Dr Still cut his teeth with this new concept in treating a series of pneumonias. He would go to the bedside of the patient and, using the upper limbs as levers, move successive ribs to improve the blood supply in, and the venous and lymphatic drainage out. Thus perfusing the lung field with a free-flowing blood supply. He truly was Watering the Withering Fields.
With much opposition, Dr Still continued to use his newfound ideas in treating patients. He experienced tremendous resistance and resentment from his medical peers, who ridiculed him as a quack and told him that what he was doing was utterly impossible.
But Dr Still’s patients flourished very much better than those of his peers, who were still purging and giving sulphur drugs to those they were treating. The patients of Dr Still’s peers got better in spite of the treatment, rather than from it.
Dr Still carried on and eventually won over the opposition to become the founder of the first Osteopathic College in Kirksville, Missouri.
Friends urged him to give his radical new system a name. During a trip to Western Missouri in 1889 a Mr W D Guttery, a Kirksville Teachers’ College aluminus, invited him to dinner. After mulling over a number of suggestions, Guttery finally said “Os means bone and Pathos means sorrow, disease or pain. Then, put the two together and you have it.” Osteopathy it became.
Even though I and others, along with Dr Still, feel that the name Osteopathy fails to show the full scope of the profession – in most minds osteopaths are just for the treatment of bad backs and other musculoskeletal issues – this could not be further from the truth.
Osteopathy continued to flourish in the United States of America after the formation of the first college in Kirksville, Missouri and graduates from that school founded colleges throughout the United States.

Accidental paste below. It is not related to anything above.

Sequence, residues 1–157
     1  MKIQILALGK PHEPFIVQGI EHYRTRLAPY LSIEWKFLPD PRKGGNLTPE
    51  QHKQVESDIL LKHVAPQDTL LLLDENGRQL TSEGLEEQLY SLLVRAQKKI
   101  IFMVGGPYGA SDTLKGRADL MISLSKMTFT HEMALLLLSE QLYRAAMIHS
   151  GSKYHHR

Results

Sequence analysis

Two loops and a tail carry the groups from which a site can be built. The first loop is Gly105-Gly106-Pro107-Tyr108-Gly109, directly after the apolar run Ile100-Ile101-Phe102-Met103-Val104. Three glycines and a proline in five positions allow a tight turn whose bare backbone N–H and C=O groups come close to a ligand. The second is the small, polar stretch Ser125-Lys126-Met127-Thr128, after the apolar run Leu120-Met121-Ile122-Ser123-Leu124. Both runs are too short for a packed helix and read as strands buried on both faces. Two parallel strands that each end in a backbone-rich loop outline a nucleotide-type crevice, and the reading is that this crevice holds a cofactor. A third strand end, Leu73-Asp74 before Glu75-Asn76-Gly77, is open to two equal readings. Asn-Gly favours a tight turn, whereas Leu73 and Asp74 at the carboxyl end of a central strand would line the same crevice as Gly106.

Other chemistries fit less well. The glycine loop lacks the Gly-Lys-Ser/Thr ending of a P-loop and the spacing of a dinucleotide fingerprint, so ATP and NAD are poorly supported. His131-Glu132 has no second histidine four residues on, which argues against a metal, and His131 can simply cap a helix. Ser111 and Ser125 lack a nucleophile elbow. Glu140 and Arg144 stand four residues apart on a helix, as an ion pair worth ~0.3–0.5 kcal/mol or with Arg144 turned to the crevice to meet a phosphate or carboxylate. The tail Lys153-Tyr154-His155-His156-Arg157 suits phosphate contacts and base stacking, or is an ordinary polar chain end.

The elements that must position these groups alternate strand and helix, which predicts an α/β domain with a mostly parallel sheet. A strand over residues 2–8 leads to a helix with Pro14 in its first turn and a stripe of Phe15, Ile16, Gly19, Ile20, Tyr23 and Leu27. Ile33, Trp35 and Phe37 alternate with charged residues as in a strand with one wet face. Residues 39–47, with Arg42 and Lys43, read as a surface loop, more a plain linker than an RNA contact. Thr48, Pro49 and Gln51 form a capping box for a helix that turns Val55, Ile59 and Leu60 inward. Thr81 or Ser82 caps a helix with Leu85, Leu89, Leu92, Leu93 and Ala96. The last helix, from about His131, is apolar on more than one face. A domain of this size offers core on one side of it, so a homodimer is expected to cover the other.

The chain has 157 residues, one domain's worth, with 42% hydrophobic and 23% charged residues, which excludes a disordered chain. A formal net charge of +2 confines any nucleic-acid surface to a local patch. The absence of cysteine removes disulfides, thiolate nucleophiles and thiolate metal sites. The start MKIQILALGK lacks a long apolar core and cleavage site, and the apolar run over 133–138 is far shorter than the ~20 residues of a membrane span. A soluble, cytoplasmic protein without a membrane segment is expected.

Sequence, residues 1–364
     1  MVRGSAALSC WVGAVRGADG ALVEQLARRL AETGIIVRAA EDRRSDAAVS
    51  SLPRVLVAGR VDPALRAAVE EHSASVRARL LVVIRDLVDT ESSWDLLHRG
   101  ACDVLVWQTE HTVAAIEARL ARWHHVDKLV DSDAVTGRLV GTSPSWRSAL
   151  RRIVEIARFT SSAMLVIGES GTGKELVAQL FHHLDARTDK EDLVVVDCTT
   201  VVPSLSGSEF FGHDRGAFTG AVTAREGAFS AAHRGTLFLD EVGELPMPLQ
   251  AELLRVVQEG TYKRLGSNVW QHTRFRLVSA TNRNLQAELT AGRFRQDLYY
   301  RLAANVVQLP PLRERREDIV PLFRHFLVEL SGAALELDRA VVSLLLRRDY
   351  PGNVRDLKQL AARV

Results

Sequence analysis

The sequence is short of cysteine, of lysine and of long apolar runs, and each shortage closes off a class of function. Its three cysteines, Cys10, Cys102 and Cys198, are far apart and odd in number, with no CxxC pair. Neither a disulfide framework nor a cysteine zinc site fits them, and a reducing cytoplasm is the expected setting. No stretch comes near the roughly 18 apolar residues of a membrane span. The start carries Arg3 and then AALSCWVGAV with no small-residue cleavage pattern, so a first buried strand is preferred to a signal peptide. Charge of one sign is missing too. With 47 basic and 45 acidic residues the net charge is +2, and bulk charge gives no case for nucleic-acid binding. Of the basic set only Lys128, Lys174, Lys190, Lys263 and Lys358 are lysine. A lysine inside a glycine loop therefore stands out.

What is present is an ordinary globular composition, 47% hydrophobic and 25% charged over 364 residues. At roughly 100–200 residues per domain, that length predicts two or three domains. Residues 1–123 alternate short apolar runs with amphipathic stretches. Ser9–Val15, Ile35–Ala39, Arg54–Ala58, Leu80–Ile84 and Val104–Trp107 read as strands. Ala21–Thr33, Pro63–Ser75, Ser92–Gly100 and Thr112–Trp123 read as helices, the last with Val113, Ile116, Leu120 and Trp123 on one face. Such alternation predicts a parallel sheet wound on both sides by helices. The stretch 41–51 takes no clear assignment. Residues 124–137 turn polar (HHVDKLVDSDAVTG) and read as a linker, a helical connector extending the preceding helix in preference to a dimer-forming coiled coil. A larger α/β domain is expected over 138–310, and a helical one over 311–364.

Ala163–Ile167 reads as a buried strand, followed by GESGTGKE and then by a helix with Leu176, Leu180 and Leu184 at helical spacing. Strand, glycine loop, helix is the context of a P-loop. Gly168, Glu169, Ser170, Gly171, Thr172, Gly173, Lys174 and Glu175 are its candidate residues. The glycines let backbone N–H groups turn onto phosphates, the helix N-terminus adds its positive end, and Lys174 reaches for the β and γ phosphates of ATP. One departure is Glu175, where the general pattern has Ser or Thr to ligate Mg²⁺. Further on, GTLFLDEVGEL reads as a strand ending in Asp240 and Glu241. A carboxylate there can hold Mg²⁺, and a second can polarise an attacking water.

Today, the designation DO – Doctor of Osteopathy – is recognised throughout America as a parity with the qualification of MD.
One of Dr Still’s students was a Scot, J Martin Littlejohn, who had been a Dean of Kirksville College. On leaving there, he returned to Britain and in 1917 founded the British School of Osteopathy.
In Britain, osteopathy was considered to be outside the mainstream medical practice and was not a legally regulated profession until the introduction of the Osteopaths’ Act in 1993, which led to the establishment of the General Osteopathic Council and subsequently the official register opening in 1998.
Like other medical professions, Osteopathy is now subject to statutory regulations and qualified practitioners need to register with the General Osteopathic Council in order to practice and use the title of Osteopath.
Over the years, osteopathy in the UK has expanded enormously. There are now practitioners who specialise in Osteopathic Obstetrics, Gynaecology, Paediatrics, Ear Nose and Throat disease, as well as the more, publicly accepted, conventional Musculoskeletal disorders.
I continue to be delighted and amazed with the results that can be achieved in restoring health by simply accessing the body’s own repair mechanisms.
Thank you, Dr Andrew Taylor Still MD DO, for showing the way and letting generations of students follow in your footsteps, so that they, too, can help restore health to their patients.